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every other man

The light outside the main entrance to our building has gone out again. The heavy metal door swings wide as I pull a hat down over my ears. In the darkness there are maybe twenty teenagers standing still. My boot scrapes across the ground, slowing down. Their hands in pockets, shoulders hunched, I look for a space to pass between them. A voice appears, saying hello in English, with an obvious accent. I am all instinct, sayingpivyet as I pass, not looking back, wondering who said this. There was a boy that was an extra in Blackbetty that lives in our building, but he is too young, too short for it to have been him.

I look back, navigating the puddles in the street. It does not make any sense.

N is with V, making their way home. I meet them, pulling V into my arms as she chatters about her day, about dry leaves and princesses, about her grandmother's apartment and what she ate there. We are going back home, and I try to explain the odd collection that stands outside. As we pass th…

a series of surprises


We all live complicated lives. There is always a cross to bear, a stone that swings from our necks. Maybe every single one of us became Sisyphus in the middle of some sleepless night and just don't want to admit it. I cannot imagine a person who does not have some obstacle, some ladder to climb in the darkness on an endless loop.

But that is just life.

I met a girl, well a woman some years ago. She arrived in the strangest way, by such a series of chance events that it makes me dizzy to think about how easily we could not have crossed paths that curious and cold January night. But we did, and that is all that matters. At some point, you get lucky. As the saying goes, even a broken clock is right two times a day. And honestly, I was a broken clock when she found me.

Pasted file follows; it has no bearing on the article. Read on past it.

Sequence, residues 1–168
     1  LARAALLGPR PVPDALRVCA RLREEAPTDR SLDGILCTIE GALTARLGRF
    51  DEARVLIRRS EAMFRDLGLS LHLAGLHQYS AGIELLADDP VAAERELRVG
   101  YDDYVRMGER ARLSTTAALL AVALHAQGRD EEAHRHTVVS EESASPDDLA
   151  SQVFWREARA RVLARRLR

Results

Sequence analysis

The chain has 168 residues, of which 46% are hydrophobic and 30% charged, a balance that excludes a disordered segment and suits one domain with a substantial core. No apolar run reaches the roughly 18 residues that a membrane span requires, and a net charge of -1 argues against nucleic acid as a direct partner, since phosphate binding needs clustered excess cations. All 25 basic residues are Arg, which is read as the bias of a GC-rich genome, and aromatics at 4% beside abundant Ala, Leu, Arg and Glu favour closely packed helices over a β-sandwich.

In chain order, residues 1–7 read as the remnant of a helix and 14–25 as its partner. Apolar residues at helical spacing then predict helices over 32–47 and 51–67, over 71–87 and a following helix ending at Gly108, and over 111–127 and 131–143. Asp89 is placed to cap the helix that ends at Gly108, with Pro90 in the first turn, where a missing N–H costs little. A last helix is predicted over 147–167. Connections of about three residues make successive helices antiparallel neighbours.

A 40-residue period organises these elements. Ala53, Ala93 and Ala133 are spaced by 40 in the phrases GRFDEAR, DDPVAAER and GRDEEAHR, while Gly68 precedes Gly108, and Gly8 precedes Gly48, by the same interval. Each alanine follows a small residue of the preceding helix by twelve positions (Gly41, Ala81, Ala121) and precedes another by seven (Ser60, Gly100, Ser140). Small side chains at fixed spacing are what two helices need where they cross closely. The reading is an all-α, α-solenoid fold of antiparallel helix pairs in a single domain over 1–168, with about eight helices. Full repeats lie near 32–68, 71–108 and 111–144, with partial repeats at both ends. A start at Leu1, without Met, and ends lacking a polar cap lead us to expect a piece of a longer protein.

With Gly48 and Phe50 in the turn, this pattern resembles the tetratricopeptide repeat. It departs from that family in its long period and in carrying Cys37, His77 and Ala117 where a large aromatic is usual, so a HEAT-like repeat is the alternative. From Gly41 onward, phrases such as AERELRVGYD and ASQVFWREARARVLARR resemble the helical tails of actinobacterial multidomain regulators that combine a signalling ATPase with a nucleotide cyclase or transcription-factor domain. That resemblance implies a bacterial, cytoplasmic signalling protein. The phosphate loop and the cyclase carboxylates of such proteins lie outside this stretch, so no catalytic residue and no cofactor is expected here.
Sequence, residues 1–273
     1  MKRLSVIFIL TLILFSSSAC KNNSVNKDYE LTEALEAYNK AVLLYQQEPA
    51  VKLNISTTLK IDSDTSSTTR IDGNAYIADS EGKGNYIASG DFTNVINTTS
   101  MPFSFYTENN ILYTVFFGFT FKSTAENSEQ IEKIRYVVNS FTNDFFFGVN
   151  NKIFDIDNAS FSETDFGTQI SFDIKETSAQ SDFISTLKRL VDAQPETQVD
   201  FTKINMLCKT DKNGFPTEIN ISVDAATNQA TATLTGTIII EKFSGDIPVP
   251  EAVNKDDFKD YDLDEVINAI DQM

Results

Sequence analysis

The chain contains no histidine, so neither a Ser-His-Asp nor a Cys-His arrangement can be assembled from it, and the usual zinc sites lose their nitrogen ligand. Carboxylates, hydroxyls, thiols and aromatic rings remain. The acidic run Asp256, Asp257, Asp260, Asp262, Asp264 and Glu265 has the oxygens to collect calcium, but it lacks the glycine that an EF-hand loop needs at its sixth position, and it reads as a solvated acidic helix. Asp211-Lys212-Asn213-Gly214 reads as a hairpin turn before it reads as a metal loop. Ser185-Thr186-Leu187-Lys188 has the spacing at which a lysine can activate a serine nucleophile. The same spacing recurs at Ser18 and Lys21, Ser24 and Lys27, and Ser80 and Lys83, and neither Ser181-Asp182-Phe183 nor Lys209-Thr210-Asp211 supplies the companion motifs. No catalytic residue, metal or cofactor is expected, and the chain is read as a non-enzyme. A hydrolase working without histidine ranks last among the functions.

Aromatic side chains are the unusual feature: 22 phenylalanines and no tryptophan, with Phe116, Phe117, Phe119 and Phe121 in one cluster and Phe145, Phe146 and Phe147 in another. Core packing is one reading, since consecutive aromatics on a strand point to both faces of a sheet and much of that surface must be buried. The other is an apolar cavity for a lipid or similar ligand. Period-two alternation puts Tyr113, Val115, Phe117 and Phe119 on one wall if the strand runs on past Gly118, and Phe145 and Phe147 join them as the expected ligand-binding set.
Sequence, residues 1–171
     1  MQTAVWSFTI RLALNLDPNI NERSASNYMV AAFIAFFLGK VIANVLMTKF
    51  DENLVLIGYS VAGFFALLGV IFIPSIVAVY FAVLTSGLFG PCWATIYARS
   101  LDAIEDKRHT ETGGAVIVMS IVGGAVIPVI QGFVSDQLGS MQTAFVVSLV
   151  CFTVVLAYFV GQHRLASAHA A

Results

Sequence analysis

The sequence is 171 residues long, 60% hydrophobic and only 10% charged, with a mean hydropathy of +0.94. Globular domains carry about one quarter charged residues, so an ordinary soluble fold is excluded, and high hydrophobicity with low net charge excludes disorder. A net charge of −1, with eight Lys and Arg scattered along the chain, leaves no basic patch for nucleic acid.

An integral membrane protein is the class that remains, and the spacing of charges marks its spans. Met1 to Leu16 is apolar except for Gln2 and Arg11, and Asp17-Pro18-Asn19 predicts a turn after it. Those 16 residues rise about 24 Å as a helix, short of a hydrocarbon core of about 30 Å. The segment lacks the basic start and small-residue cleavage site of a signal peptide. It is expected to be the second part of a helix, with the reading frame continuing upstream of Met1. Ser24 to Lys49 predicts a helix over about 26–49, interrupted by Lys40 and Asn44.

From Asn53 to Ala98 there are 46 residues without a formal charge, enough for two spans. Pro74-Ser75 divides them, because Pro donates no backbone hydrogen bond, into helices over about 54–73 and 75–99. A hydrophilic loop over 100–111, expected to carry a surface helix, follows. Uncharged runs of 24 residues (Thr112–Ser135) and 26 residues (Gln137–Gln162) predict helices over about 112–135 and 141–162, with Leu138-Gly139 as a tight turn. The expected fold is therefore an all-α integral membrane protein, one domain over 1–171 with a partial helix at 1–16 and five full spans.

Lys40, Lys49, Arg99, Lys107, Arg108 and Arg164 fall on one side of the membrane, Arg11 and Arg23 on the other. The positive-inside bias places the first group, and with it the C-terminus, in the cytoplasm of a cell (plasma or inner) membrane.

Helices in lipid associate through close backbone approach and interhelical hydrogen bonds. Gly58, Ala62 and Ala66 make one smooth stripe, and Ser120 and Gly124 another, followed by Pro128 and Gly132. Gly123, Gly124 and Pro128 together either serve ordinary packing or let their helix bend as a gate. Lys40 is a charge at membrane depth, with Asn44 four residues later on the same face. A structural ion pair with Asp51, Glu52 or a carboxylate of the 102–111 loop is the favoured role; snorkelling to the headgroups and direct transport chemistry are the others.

So yes, she helps me carry my stones and of course I try to carry some of hers. By some curious math, the daily hustle gets easier. The stones add up to less than the sum of their parts this way. I don't try to overthink that.

She always smells like a million dollars. She still trounces from room to room like a little girl, skipping to a class she is late for. She cracks her gum, blows bubbles, makes wisecracks. Yes, she is that girl. I suspect if we met as teenagers things might end up about the same. She would tease me incessantly, foul words flying from her sharp tongue, eyes big and darting at my every advance. I would bring her flowers maybe, or some handmade necklace. I can imagine the eye rolls, the hot flush on her cheeks of embarrassment, that skipping away in brand new sneakers that squeak on the floors.

Today is our anniversary, married three years now. I took care of the presents because she has her hands full with the baby. I like to surprise her, even with what she bought for me.


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